Disaster Preparedness and Recovery

If Your Basement is Flooded

Before You Enter a Flooded Basement

  • Turn off the electricity and gas.
  • Check outside cellar walls for possible cave-ins, evidence of structural damage, or other hazards.
  • Open doors and windows or use blowers to force fresh air into the basement.
    Pumping Out a Flooded Basement
  • Do not use an electric pump powered by your own electrical system. Use a gas-powered pump or one connected to an outside line. Fire departments in some communities may help with such services.
  • Pump the water from the basement in stages. Remove about one-third of the water each day. Pumping water from the basement too quickly may do more damage than letting the floodwater remain. Water in the basement helps brace the walls against the extra pressure of water-logged soil outside. If water is pumped out too soon, walls may be pushed in or floors pushed up.
  • If the outside water level rises again after the day’s pumping, start with a new water line.
  • The soil may be very slow to drain, but do not hurry the pumping. Whatever is submerged in the flooded basement will not be damaged further. By delaying the pumping, serious structural damage may be prevented.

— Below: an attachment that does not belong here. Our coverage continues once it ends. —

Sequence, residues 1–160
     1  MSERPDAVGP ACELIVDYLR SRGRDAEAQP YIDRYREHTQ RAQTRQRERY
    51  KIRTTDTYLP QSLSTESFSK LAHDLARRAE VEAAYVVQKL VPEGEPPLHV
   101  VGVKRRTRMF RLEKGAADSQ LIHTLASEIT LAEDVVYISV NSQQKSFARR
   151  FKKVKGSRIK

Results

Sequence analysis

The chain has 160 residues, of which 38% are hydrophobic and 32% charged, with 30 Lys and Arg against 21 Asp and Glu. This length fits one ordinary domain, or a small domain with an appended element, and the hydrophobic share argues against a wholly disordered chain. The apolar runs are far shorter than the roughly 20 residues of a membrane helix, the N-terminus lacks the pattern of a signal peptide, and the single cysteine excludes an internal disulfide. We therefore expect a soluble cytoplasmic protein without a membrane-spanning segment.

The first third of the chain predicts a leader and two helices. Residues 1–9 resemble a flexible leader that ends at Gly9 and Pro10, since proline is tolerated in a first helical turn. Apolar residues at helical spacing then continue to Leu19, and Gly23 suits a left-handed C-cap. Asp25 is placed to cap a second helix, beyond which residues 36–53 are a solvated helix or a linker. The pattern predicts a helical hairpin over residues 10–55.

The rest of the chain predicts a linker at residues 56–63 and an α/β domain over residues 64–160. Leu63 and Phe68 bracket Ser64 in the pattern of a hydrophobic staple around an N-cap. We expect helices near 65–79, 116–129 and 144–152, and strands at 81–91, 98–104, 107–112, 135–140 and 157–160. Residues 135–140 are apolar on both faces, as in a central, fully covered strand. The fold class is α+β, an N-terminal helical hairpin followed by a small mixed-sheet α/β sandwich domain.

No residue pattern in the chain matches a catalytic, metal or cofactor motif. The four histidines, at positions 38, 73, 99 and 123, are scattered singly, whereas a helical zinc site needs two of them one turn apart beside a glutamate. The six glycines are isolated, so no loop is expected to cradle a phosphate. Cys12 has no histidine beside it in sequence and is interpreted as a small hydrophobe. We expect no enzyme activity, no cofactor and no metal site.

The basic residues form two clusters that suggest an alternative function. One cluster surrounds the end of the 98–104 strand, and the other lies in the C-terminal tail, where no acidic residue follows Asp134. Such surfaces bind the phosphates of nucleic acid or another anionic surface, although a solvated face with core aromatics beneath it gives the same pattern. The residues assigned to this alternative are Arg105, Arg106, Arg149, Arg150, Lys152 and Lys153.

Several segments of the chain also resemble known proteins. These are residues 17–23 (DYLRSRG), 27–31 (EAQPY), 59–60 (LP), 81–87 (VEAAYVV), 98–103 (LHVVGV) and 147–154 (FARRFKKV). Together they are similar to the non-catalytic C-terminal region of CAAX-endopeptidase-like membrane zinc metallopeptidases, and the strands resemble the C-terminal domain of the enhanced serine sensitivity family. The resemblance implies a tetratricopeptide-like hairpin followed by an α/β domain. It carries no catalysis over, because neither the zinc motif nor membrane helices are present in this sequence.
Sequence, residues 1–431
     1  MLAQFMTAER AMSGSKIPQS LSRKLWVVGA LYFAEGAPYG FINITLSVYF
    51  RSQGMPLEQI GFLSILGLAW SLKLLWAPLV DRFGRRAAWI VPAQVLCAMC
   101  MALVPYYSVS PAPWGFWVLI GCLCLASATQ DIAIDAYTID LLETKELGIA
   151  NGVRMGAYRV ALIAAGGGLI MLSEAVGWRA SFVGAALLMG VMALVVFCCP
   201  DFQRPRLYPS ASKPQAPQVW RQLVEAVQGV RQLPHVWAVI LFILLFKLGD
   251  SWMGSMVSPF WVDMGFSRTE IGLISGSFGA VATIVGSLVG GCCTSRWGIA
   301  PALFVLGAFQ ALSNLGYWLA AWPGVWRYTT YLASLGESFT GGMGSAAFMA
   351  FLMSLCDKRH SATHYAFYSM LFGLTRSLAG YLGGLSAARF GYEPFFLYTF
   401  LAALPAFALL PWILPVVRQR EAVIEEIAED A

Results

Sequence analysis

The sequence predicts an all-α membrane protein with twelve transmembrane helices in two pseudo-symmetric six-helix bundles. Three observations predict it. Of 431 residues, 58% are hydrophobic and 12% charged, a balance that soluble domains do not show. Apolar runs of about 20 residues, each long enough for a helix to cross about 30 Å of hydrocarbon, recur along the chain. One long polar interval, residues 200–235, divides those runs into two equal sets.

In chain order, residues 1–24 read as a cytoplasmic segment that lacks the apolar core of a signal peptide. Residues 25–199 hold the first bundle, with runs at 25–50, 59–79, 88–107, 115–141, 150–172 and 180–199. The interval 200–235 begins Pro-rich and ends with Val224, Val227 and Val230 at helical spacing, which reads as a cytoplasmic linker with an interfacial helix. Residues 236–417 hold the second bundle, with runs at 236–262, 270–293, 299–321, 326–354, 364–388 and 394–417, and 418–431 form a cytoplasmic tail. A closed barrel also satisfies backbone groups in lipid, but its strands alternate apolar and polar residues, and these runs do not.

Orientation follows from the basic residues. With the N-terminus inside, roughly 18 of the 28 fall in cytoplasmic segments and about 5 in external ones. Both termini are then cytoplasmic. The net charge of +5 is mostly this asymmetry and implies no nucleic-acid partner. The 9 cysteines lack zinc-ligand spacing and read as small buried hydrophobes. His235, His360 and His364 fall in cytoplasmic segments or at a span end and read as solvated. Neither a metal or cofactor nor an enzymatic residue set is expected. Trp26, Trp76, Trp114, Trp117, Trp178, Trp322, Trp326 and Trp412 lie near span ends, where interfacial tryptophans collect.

Cleaning Your Basement

  • Shovel out the mud and debris while it is still moist.
  • Hose down walls to remove as much silt as possible before it dries.
  • Floors and walls may need sanitizing, particularly if sewage has entered the basement.

Check Structural Damage to Flooded Basement

  • Buckled walls are evidenced by horizontal cracking and walls moving out of plumb. When buckling has seriously weakened the wall, rebuild the damaged parts immediately. While minor buckling will not have to be repaired, any noticeably buckled wall will eventually collapse from normal ground pressures and seasonal temperature changes.
  • Settled walls and footings are indicated by vertical cracks either in small areas or throughout the structure. Contact a reliable contractor for this work.
  • Heaved floors may need to be removed and rebuilt according to standard building practices.
  • If a floor is badly cracked but has returned to its original level, and if there is sufficient headroom, you can place a new floor over the old one. Add a vapor barrier between the two floors. The new floor should be at least 2 inches thick.
  • If a crawl space under your home is filled with mud, you should remove the mud as soon as possible to avoid rotting joists or foundation wood. Jack up the house, if necessary, to make sure all mud is removed.

Adapted from resource material developed by the Federal Emergency Management Agency, the Louisiana Cooperative Extension Service entitled “Louisiana Floods,” and the Texas Cooperative Extension Service entitled “The Handbook for Emergency Preparation and Response”

WVU Extension Service Disaster and Emergency Management Resources
If Your Basement is Flooded
Section 3.4 Page 2